FILE - In this May 14, 2012 file photo, Prince Mohammed bin Salman waits for Gulf Arab leaders ahead of the opening of Gulf Cooperation Council summit, in Riyadh, Saudi Arabia.Saudi Arabia's King Salman has appointed his 31-year-old son Mohammed bin Salman as crown prince, removing the country's counterterrorism czar and a figure well-known to Washington from the royal line of succession. In a series of royal decrees issued Wednesday, June 21, 2017 and carried on the state-run Saudi Press Agency, the monarch stripped Prince Mohammed bin Nayef, who was first in line to the throne, from his title as crown prince and from his post as the country's powerful interior minister overseeing security. (AP Photo/Hassan Ammar, File)

The Latest: Saudi state TV says 31 royals approved decision

June 21, 2017 - 12:22 am

RIYADH, Saudi Arabia (AP) — The Latest on Saudi Arabia's King Salman appointing his son Mohammed bin Salman as crown prince (all times local):

7:20 a.m.

Saudi state television says 31 of 34 royals supported Saudi Arabia's King Salman appointing his 31-year-old son Mohammed bin Salman as crown prince.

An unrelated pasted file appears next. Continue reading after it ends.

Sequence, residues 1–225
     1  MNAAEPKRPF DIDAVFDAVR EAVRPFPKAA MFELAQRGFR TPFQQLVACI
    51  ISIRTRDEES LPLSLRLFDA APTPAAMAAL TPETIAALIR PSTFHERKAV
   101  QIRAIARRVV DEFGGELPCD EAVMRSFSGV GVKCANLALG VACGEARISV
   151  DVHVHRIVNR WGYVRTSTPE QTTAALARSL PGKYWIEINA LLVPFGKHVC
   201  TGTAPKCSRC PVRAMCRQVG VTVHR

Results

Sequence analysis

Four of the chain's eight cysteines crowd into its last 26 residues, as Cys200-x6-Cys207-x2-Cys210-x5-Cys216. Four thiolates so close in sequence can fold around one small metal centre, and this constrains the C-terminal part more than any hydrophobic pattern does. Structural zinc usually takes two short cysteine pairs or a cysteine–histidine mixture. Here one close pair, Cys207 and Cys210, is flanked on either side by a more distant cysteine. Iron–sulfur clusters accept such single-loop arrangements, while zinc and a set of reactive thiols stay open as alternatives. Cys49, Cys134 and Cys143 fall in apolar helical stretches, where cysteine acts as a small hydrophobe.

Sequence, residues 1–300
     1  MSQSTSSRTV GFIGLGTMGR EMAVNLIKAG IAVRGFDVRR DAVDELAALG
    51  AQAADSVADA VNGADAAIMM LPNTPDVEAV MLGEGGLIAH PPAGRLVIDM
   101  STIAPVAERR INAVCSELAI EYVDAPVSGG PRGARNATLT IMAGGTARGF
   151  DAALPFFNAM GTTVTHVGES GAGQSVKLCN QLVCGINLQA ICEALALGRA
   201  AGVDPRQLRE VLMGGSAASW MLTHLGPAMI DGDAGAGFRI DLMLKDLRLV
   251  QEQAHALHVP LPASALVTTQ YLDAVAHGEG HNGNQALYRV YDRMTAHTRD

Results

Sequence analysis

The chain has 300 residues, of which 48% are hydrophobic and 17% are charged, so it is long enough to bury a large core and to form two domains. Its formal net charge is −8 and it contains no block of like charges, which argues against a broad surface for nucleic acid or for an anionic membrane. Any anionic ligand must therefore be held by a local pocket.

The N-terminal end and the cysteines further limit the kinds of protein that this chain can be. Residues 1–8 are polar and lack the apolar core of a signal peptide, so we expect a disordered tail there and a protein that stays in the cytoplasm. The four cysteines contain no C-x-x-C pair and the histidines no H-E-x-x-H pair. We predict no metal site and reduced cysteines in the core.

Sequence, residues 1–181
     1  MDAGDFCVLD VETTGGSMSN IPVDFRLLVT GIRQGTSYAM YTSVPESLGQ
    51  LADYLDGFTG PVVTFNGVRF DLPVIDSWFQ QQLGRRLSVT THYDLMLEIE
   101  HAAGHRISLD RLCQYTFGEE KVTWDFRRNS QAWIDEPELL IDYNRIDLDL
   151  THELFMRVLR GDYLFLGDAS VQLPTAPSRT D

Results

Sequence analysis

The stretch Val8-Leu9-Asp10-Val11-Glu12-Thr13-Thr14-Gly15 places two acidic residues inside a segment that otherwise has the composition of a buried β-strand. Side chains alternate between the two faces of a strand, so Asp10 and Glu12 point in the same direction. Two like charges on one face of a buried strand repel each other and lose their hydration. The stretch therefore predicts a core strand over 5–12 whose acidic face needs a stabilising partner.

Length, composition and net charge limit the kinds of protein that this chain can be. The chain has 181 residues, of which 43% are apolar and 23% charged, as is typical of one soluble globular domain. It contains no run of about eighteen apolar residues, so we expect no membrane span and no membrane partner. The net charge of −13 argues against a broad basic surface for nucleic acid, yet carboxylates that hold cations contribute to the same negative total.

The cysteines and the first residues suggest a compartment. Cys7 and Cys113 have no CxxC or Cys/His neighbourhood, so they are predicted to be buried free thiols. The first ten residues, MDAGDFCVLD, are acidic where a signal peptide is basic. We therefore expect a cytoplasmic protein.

State television flashed the news across its broadcasts early Wednesday morning.

That came after a series of royal decrees stripped Prince Mohammed bin Nayef, who was first in line to the throne, from his title as crown prince and from his post as the country's powerful interior minister overseeing security.

The newly announced Crown Prince Mohammed, who also serves as defense minister and oversees a vast economic portfolio, had previously been second in line to the throne.

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6:55 a.m.

Saudi Arabia's King Salman has appointed his 31-year-old son Mohammed bin Salman as crown prince, removing the country's counterterrorism czar and a figure well-known to Washington from the royal line of succession.

In a series of royal decrees issued Wednesday and carried on the state-run Saudi Press Agency, the monarch stripped Prince Mohammed bin Nayef, who was first in line to the throne, from his title as crown prince and from his post as the country's powerful interior minister overseeing security.

The newly announced Crown Prince Mohammed bin Salman, who also serves as defense minister and oversees a vast economic portfolio, had previously been second in line to the throne, though royal watchers had long suspected his quick rise to power might accelerate his inheriting of the throne.

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